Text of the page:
These computer program instructions may also be stored in a computer readable medium that can direct a computer, other programmable data processing apparatus, or other devices to function in a particular manner, such that the instructions stored in the computer readable medium produce an article of manufacture including instructions which implement the function/act specified in the block diagram block or blocks.
  • [0045]
    The computer program instructions may also be loaded onto a computer, other programmable data processing apparatus, or other devices to cause a series of operational steps to be performed on the computer, other programmable apparatus or other devices to produce a computer implemented process such that the instructions which execute on the computer or other programmable apparatus provide processes for implementing the functions/acts specified in the block diagram block or blocks.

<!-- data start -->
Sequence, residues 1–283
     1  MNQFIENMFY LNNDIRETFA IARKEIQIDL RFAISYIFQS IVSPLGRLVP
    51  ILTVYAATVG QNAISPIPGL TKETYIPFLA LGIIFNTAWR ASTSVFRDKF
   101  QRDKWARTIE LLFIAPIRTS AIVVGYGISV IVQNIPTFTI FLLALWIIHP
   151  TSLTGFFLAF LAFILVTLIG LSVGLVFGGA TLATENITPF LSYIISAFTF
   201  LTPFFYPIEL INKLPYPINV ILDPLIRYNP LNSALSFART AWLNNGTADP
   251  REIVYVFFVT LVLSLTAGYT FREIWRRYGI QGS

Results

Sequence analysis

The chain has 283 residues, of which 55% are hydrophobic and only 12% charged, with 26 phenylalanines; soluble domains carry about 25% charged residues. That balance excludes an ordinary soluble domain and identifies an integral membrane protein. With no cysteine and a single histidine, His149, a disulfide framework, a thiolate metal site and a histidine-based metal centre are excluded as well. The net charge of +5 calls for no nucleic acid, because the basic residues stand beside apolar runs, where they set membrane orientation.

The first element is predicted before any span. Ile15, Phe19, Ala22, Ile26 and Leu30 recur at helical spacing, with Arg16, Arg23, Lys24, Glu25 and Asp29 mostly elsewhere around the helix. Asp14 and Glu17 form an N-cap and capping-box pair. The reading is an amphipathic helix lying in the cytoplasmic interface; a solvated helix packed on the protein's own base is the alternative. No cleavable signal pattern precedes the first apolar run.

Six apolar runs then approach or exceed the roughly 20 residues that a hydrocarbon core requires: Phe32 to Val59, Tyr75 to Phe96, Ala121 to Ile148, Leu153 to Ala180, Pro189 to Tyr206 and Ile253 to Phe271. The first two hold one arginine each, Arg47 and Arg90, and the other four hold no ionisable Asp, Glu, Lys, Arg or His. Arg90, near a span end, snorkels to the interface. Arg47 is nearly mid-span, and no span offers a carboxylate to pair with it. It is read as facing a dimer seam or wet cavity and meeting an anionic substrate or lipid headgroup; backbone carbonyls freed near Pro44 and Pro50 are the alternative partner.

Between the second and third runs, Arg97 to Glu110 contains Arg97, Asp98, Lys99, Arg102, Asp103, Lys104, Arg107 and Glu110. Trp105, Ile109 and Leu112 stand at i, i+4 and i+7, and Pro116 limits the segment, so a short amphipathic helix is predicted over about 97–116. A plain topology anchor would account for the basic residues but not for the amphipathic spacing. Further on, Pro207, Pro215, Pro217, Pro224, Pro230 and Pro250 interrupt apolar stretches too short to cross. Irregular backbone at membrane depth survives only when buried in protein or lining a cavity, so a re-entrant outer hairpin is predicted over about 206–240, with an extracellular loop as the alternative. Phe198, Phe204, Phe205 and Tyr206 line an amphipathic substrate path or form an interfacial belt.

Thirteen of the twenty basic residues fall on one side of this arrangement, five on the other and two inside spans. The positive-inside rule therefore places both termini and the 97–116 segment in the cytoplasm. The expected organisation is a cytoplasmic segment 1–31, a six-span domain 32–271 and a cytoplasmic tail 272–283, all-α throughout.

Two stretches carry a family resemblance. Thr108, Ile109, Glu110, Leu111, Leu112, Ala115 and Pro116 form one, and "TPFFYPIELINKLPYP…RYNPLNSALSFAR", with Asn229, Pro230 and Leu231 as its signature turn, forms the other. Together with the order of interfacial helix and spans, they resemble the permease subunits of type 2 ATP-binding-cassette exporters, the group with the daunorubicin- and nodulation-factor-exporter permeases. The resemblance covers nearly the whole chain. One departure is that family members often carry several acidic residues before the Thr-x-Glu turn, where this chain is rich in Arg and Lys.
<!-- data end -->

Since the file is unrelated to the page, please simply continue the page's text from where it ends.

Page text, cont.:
• [0046]
    The block diagrams in the Figures illustrate the functionality, and operation of possible implementations of systems, methods and computer program products according to various embodiments of the present invention. In this regard, each block in the block diagrams may represent a module, segment, or portion of code, which comprises one or more executable instructions for implementing the specified logical function(s). It should also be noted that, in some alternative implementations, the functions noted in the block may occur out of the order noted in the figures. For example, two blocks shown in succession may, in fact, be executed substantially concurrently, or the blocks may sometimes be executed in the reverse order, depending upon the functionality involved. It will also be noted that each block of the block diagrams, and combinations of blocks in the block diagrams can be implemented by special purpose hardware-based systems that perform the specified functions or acts, or combinations of special purpose hardware and computer instructions.
  • BRIEF DESCRIPTION OF THE DRAWINGS
  • [0047]
    Embodiments of the present invention will now be described, by way of example only, with reference to the following figures in which:
  • [0048]